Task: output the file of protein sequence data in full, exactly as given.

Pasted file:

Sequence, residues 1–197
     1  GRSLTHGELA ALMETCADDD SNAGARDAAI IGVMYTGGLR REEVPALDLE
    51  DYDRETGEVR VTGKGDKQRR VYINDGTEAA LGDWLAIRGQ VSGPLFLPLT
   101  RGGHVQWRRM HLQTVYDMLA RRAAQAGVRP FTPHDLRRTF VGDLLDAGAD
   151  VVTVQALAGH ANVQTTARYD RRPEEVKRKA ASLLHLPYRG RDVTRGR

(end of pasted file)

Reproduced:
Sequence, residues 1–197
     1  GRSLTHGELA ALMETCADDD SNAGARDAAI IGVMYTGGLR REEVPALDLE
    51  DYDRETGEVR VTGKGDKQRR VYINDGTEAA LGDWLAIRGQ VSGPLFLPLT
   101  RGGHVQWRRM HLQTVYDMLA RRAAQAGVRP FTPHDLRRTF VGDLLDAGAD
   151  VVTVQALAGH ANVQTTARYD RRPEEVKRKA ASLLHLPYRG RDVTRGR